Growth in Entrepreneurship
with guest Anthony Sarandrea #MakingBank S5E21
What do you think ‘fail fast’ means? Every entrepreneur experiences the wild rides of ups and downs and the in-between of growth. But diving deeper, how much do you recognize the growth that you’re experiencing? What are the failures that are going to push you closer to the successes?
On today’s episode of Making Bank, our guest is Anthony Sarandrea. He specializes in the financial services space and runs a team that drives over a million-customer search year. He seeks to better understand the deep, psychological levels of why people use certain products, spending an hour each week speaking to customers about their lives and motivations.
Anthony talks about the benefits of mentorship, how it’s both important to the individuals involved. He also discusses the ways of growth, how people can take failures and turn them into their strengths.
Mutual Benefits of Mentorship
Having a mentor is huge for growth and gaining new experiences. You can experience just your lessons, or you can learn your lessons AND gain even more knowledge from what other people learned. There’s a balance of teaching yourself and going to others when you need it. It doesn’t make you any less of a businessman.
Using people as resources is not only a great tool, but it allows you to further connect you to the world of entrepreneurship. Learning from the best of the best in one way, but also learning about what didn’t work for others is important too. There are different stories to be heard, and you can only benefit from gaining knowledge mentors wish they knew earlier.
Anthony knows the feeling. When he was a mentee, he felt like a leech. People taught him so much, and he was just taking it all in, not giving anything in return — or at least that’s what he thought. Until he realized when he was a mentor, how important it is to teach and help other people learn the things you learned.
Anthony says, “and so anyone listening, who doesn’t have a mentor, maybe scared to reach out to some, realize the value you’re bringing to someone in that mentee role are you bringing purpose to that mentor.” Mentors can be found in books, in videos, on websites, in coaches. It doesn’t always have to be an obvious person — it can truly be anything because at the end of the day, it’s a human behind the book, it’s a man in the video.
Nowadays, digital mentors are available. You can talk on the phone with someone, you can ask them questions and you’ll get real-time responses. It can be personal despite the technology barrier. There is so much access to people and experiences, use it.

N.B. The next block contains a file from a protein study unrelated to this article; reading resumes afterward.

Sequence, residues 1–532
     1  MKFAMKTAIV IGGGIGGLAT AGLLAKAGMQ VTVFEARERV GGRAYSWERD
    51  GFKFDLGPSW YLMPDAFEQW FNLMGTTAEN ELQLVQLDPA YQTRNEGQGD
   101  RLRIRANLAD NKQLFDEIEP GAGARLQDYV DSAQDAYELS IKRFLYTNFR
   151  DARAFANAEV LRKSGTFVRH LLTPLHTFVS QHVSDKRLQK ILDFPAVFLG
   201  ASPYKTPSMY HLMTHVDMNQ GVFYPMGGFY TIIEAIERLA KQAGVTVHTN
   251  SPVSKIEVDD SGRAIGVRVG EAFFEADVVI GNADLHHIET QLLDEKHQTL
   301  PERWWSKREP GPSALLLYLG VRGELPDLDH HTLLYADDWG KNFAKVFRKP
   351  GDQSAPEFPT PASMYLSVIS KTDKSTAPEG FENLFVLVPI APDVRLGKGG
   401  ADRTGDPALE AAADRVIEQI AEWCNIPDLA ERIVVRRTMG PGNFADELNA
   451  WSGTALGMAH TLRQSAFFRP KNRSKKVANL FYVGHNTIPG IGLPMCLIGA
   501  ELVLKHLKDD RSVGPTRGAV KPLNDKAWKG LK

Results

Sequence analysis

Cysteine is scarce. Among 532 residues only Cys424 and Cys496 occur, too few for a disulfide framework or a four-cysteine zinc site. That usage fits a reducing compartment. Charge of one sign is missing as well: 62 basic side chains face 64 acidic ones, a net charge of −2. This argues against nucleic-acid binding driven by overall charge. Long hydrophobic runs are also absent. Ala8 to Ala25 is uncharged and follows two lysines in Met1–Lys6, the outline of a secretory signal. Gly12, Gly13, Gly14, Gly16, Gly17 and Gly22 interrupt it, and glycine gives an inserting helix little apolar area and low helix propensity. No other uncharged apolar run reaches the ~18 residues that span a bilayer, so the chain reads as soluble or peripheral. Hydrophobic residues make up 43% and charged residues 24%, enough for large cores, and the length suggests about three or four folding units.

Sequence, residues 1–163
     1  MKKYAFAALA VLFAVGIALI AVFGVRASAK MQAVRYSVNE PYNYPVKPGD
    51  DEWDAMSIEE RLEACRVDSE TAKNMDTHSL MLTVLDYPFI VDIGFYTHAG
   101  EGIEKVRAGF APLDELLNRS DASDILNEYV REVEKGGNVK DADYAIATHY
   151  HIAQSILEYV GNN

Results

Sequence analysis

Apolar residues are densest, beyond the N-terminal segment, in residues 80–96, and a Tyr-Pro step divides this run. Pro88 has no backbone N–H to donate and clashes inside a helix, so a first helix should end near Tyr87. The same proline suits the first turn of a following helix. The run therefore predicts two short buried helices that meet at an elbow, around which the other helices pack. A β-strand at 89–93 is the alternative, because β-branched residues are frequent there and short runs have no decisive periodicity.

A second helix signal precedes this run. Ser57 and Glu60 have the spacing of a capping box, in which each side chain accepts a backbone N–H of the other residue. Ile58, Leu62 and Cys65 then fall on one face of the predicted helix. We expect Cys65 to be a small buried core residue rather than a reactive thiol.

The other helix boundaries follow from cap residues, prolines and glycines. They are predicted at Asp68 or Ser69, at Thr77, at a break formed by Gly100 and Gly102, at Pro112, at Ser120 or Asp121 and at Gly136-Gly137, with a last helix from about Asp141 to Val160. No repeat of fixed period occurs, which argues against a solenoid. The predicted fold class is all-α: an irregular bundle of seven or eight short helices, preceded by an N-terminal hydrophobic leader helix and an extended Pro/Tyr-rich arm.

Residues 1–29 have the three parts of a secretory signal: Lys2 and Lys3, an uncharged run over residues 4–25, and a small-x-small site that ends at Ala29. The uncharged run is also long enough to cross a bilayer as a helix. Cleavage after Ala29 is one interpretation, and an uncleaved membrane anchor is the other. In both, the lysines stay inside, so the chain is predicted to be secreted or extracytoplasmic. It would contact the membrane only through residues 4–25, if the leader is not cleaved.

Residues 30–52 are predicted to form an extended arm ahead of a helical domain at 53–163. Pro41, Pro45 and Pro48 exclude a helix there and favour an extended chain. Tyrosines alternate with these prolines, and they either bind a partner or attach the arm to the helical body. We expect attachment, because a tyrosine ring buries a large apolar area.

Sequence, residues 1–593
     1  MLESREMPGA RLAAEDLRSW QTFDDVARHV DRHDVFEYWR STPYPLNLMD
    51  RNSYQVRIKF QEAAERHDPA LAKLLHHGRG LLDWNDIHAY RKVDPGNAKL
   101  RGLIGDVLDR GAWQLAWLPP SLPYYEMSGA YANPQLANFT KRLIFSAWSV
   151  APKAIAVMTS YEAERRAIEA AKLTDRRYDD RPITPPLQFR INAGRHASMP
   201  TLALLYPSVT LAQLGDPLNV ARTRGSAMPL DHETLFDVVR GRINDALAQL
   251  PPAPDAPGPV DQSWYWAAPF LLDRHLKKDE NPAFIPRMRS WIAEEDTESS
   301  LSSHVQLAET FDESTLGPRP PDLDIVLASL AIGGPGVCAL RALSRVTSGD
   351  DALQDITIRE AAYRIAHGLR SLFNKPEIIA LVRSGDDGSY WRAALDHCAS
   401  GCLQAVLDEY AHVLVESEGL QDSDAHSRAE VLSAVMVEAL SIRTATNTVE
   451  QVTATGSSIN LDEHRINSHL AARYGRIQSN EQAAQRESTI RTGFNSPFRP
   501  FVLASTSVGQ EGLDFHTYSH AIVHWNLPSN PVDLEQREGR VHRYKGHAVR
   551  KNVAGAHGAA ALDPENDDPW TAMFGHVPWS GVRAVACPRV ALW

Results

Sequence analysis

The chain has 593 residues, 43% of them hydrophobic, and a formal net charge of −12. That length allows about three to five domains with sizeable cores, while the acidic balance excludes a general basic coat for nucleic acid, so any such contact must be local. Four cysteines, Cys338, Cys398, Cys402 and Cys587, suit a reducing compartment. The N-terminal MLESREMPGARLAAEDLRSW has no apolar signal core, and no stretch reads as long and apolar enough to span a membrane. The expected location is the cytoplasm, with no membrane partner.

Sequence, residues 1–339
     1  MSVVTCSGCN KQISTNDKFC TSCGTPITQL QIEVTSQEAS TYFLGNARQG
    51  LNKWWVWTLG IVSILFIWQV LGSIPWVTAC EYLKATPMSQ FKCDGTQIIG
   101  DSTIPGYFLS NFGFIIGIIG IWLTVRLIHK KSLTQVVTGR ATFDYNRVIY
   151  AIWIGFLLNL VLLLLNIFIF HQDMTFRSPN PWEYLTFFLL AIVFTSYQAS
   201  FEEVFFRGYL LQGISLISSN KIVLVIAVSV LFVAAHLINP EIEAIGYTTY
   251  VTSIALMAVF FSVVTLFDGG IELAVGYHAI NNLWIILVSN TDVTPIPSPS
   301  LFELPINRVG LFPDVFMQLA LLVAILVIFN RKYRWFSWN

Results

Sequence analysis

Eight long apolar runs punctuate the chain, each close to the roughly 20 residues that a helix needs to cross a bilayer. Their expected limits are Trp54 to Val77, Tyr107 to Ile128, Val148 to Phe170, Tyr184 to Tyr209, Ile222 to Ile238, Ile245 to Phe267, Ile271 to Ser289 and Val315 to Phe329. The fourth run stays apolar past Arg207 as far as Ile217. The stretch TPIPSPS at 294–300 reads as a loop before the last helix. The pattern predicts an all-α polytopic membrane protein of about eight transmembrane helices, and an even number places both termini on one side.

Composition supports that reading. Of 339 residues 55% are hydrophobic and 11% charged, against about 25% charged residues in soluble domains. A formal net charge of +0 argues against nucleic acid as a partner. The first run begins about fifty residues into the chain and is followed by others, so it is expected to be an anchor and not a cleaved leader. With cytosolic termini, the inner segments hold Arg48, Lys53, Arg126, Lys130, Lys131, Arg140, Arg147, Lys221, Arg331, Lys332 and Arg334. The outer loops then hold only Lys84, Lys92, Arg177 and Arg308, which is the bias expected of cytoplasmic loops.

Correlation Between Failure and Growth
In business, you deal with people beyond just mentors and mentees that can help you grow and succeed in business. You also have to work with individuals that are helping you run your company. How you handle them has an impact on your relationships with the people working with you, and the company itself.
It’s okay to accept failures and mistakes. A business is bigger than the individual. You’re not perfect, why expect someone else to be? Humans are going to fail no matter how hard they try not to. Reacting to failure and moving on is where the growth happens.
When a situation arises with someone, Anthony says, “You have two sides of the coin to look at it. And oftentimes, the more surface level of getting mad and reprimanding that individual does not yield you…Are you hiring the right people that are going to be there for 5, 10 years, or is it a revolving door.”
These people that are working for you or that are working with you ARE your mentees. What do you need to do to step up and allow people to experience growth, giving them the resources, they want and need?
Growth is not immediate. It requires patience and goes back to how you handle failure and how you react to other people’s failures. Pushing growth to happen too fast can in turn cause failure. Anthony talks about “fail fast.” This is his mantra, where when you fall on your face you get back up and try again. And you do it by going through your growth, learning your lessons, and improving on things you’ve noticed.
You have to take steps to the top — you can’t start with something too big or too perfect. “We’re focused on this a lot of the time. I think entrepreneurs get stuck on the zoom in.” Wanting to start at the top eliminates any ideas that could be successful. Because starting at the top means you’re basing your idea off of what is already working — and that is limiting the potential growth.
“I’m not worried about if it’s going to fail, whatever the risk is, just go after it and do it,” Anthony says.
In business, the scary parts are the parts that make it all worth it.